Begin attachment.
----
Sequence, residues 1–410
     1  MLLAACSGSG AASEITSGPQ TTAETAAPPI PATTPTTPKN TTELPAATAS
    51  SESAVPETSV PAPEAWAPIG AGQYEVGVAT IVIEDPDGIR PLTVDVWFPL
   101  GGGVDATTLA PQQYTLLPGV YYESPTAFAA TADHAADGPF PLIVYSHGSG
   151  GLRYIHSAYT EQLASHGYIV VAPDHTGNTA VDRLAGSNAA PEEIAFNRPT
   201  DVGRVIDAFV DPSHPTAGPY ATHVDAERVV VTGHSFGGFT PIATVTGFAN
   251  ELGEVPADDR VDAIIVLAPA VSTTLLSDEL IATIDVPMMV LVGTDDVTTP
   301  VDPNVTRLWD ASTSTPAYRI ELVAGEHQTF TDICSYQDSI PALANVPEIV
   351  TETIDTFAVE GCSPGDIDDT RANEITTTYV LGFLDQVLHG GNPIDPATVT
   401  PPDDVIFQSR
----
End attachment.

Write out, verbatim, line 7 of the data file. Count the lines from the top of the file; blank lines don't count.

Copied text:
   251  ELGEVPADDR VDAIIVLAPA VSTTLLSDEL IATIDVPMMV LVGTDDVTTP